Subject: I have found a DVD that I think you would enjoy
|Edvard Grieg What Price Immortality|
Actors: Staffan Scheja, Philipp Brammer, Claudia Zöhrer, Sabine Oberhorner, Michael Baral
Director: Thomas Olofsson
Genres: Drama, Educational, Musicals & Performing Arts
Renowned Norwegian composer Edvard Grieg was a restless, complex character forever on the move, constantly searching for peace, happiness and, above all, perfection. In a series of flashbacks, Grieg as an older man returns... more »
Wonderful Music, Wonderful Narration
cordelia2001 | Virginia, USA | 02/08/2001
(5 out of 5 stars)
"You know you're in good hands when the beautiful landscape of Norway appears, the music of Grieg rises in the background and the marvelous voice of narrator Sir Derek Jacobi muses, "I feel like Peer Gynt when he says, "How heavy weighs each step when one must wend one's way back again"." This wonderful film chronicles the unique life and genius of Edvard Grieg through a seamless synthesis of film, music and narration. The theme of this lovely piece can be best summed up by Grieg's own words; "I made a monument of myself because I needed to....I did so because we both needed it. Me and all of Norway......But at what price? You may well ask, what price? The monument remains, but what is left of the man?.....What then is left of the truth? Truth, yes, in art and in life... that what I'm after." Art and life, truth and consequences. One especially enjoyable aspect of the movie is the use of musical notation as a metaphor for life: "A double bar line is a decision made. Now we made one. Over and done." Pianist Staffan Scheja is wonderful as the adult Grieg, and full performances of Grieg's Ballade in G Minor Op. 24 and String Quartet No. 1 in G Minor Op 27 ensure that this DVD will do double duty as a pseudo-CD in the near future. Highly recommended!"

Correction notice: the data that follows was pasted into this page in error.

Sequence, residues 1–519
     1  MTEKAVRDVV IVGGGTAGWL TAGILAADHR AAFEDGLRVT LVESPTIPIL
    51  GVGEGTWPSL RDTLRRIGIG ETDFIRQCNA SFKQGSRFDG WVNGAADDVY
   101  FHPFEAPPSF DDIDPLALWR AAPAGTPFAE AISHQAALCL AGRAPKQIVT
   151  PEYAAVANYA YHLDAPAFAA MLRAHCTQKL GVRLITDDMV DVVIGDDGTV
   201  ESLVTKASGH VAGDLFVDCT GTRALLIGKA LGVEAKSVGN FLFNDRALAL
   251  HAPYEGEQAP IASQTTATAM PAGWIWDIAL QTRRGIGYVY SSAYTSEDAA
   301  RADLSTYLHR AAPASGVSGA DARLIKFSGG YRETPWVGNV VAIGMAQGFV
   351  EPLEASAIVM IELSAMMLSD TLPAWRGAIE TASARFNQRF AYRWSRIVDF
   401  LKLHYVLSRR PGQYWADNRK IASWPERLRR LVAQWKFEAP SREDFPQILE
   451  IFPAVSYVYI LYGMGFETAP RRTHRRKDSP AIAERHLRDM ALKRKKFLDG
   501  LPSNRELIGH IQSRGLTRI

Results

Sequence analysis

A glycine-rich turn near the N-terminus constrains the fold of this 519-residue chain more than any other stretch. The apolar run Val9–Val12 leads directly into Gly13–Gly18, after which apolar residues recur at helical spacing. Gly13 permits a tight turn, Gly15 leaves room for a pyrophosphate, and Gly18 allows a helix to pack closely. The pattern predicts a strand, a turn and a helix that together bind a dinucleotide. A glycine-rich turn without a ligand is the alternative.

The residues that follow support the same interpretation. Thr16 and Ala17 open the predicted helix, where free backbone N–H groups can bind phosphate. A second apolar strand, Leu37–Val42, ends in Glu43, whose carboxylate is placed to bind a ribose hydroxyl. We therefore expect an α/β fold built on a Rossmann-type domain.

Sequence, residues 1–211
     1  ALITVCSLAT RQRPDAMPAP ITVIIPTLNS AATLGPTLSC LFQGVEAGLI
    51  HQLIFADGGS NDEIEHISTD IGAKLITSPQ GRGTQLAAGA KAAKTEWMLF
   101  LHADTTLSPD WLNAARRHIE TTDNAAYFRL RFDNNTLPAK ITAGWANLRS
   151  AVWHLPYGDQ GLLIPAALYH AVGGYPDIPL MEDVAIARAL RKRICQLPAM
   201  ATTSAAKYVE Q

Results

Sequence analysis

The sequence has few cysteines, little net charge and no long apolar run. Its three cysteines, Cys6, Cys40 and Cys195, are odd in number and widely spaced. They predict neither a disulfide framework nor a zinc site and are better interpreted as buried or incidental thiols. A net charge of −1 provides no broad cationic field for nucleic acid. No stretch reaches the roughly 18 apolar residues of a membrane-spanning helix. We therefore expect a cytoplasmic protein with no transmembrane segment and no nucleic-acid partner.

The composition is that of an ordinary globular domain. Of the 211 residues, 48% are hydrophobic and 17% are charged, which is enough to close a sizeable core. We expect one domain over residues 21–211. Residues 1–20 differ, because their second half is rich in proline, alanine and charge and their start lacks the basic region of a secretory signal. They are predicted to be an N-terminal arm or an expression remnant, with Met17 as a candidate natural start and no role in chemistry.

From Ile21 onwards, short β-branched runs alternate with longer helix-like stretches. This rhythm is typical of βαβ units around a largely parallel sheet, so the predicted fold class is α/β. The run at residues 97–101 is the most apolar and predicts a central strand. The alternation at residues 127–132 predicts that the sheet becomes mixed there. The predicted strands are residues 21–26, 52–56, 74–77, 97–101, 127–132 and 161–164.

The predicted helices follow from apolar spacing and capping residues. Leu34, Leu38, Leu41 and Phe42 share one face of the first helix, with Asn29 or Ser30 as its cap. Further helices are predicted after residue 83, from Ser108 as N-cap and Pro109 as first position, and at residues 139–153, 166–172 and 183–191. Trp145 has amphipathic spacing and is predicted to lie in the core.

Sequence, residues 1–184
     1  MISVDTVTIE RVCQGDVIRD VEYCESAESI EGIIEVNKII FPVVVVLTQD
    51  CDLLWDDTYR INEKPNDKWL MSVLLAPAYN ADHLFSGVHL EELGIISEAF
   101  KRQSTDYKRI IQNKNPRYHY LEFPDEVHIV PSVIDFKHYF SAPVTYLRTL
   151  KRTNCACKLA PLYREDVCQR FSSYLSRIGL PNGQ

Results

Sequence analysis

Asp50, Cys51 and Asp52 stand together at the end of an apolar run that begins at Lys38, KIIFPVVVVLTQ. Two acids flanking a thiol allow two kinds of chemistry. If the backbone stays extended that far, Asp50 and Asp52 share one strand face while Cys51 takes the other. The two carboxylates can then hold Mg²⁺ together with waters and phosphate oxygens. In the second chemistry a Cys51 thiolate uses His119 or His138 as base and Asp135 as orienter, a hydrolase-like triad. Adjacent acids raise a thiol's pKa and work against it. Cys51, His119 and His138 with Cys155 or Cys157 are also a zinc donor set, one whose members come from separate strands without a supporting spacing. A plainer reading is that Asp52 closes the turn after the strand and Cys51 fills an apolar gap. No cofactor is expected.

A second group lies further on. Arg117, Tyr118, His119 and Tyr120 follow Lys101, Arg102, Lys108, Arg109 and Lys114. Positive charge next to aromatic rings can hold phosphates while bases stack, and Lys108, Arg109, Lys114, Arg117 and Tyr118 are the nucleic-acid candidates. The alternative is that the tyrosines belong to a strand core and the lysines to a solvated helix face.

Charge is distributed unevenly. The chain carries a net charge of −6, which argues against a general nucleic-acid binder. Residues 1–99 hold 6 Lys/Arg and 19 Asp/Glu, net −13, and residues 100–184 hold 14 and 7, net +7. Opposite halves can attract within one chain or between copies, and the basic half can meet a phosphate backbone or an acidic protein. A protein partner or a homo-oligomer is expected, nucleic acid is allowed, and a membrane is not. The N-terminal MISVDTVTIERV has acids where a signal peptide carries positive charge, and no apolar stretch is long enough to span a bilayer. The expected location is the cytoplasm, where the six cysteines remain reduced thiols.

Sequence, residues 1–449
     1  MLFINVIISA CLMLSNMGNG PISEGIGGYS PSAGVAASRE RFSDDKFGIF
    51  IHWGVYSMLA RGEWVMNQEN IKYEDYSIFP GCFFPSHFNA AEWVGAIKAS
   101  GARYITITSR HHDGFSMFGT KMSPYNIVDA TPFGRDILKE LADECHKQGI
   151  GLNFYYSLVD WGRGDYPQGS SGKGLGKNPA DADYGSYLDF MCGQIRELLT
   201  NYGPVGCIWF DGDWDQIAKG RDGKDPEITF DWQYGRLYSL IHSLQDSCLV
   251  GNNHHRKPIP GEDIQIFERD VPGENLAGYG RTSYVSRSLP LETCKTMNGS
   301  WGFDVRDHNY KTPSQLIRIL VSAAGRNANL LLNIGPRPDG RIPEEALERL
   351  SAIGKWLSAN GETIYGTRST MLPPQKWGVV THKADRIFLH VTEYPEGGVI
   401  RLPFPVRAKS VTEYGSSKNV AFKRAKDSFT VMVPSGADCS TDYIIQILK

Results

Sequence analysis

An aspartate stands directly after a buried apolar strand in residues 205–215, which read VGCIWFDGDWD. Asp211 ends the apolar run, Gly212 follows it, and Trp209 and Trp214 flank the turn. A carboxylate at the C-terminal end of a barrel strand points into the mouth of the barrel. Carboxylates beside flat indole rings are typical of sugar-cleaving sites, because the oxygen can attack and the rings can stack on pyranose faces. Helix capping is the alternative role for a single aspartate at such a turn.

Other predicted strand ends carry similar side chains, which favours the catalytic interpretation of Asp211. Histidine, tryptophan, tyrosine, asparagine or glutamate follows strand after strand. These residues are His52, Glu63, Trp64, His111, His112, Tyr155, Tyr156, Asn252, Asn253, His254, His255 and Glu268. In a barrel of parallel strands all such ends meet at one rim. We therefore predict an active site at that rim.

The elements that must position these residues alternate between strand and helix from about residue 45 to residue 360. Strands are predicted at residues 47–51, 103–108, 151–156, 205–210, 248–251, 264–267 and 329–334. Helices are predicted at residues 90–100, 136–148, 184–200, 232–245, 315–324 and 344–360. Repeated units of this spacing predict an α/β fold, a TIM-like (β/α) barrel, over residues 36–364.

A Hybrid Recital
BLee | HK | 02/23/2005
(3 out of 5 stars)
"We may take this as a contrapuntal biography of Grieg: while the composer's music goes on almost non-stop with little dialogues, we have clips on the screen telling us his background, his friendship, his love and musical training etc. We are not told, however, how he was brought up, musically or otherwise when he was a small boy. Nor are we exactly told how he founded and ran the Norwegian School of Music, or that his wife was a soprano. We are only told how he hated Leipzig where he studied music...
This is not a movie with a plot and sense of suspense at all. Rather, it is more an explanation of the contents of Grief's music in a stream-of-consciousness sort of way. And as such, a lot of the charm counts very much on how appealing his pieces are played as the camera riveted upon the pianist and string quartet players. Very good in giving us some sketchy idea of his North European background and his works.
Recommended to music lovers particularly those who are attracted to his music.